Location: Long Island City, Queens
Configuration: 6 lanes of 25 yards
Total to Date: $55.33
Knowing when to go is key for most pools, and 6:30 p.m. on a Tuesday night is apparently not the best time to swim at LaGuardia Community College. It was a chore getting there by bike, with the rush-hour traffic heading toward the Queensboro Bridge, but once I hit the bridge I was home free on a dedicated bike path going practically to the door of the college. Then, the pool had a rush hour of its own. It turns out that only one of the six lanes was available for laps; four others were in use by a kids’ team, and the last one had private lessons. I would definitely try this pool again, but I would call in advance to check on lane availability first. Everything else was perfectly fine–water quality, temperature, locker room, showers.
A bike buddy, Zoe, gets points for suggesting this pool and also for being the first friend from outside swimming to participate in the project. I was glad to take her suggestion and try somewhere totally new, particularly after last week’s nostalgic return to Poughkeepsie Middle School. Zoe works right across the street from the college and had swum here once before. I recommend going with someone who knows her way around, since first you have to find the fitness office, where you buy a pass, and then you go to the pool. (Hint: Follow the signs that say POOLSIDE CAFE.)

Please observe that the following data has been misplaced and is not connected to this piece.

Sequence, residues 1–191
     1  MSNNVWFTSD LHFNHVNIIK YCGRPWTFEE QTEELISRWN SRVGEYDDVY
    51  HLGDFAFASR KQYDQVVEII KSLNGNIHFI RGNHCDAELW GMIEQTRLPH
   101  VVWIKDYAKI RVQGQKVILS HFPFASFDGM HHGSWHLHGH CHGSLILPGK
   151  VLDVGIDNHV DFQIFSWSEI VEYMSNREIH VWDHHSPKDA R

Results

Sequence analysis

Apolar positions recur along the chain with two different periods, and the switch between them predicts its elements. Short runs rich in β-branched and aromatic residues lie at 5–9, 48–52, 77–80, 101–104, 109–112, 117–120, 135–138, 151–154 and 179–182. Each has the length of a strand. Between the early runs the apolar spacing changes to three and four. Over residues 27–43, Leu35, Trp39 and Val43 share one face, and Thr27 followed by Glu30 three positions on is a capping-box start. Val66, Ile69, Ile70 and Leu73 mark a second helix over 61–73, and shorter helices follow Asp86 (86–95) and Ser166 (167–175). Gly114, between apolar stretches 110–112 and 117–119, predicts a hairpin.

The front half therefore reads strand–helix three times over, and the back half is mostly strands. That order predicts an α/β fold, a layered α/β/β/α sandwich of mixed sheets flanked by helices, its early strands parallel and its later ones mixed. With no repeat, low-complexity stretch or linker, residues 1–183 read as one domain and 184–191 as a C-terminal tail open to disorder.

LaGuardia is part of the City University (CUNY) system, a vast public university consisting of two dozen college and institutions scattered throughout New York City, all with very low-priced tuition. Nearly half a million students attend CUNY, and I myself graduated from an MA program at another campus. It’s pretty amazing. Luckily for swimmers, many of the schools have regulation-size pools that are available for public use. My third pool was at a CUNY school, and I expect that several others will figure in this project. At LaGuardia, anyone can swim with a $5 day pass, and there are also membership plans for repeat visitors.
The team in the middle four lanes must have been the LGAC Twisters, and I think it would have been fun to swim with them; they seemed very well-mannered and enthusiastic, and not yet big enough to be insanely fast. Their parents sat in the bleachers on one side, and one of them took the picture of me and Zoe.
The lap lane, meanwhile, had a real lack of etiquette and mix of abilities, maxing out at eight people at once and including three guys in long trunks who were mostly just playing; a water-polo player doing a lot of sprints and treading water; and a woman who I’d peg as a triathlete if I were to stereotype based on her tattoo, low body fat, and dislike of putting her face in the water. I navigated as best I could, but after nearly an hour and a half I’d barely done half the yardage of my recent Hour Swim and decided to call it a night.
The bike ride home was well after rush hour and featured one of my favorite views–the Manhattan skyline all lit up as you sink down into it from the heights of the Queensboro Bridge. It’s a nice warm night closing out a January, and I’m glad to be ending the month with a pool tally already at seven.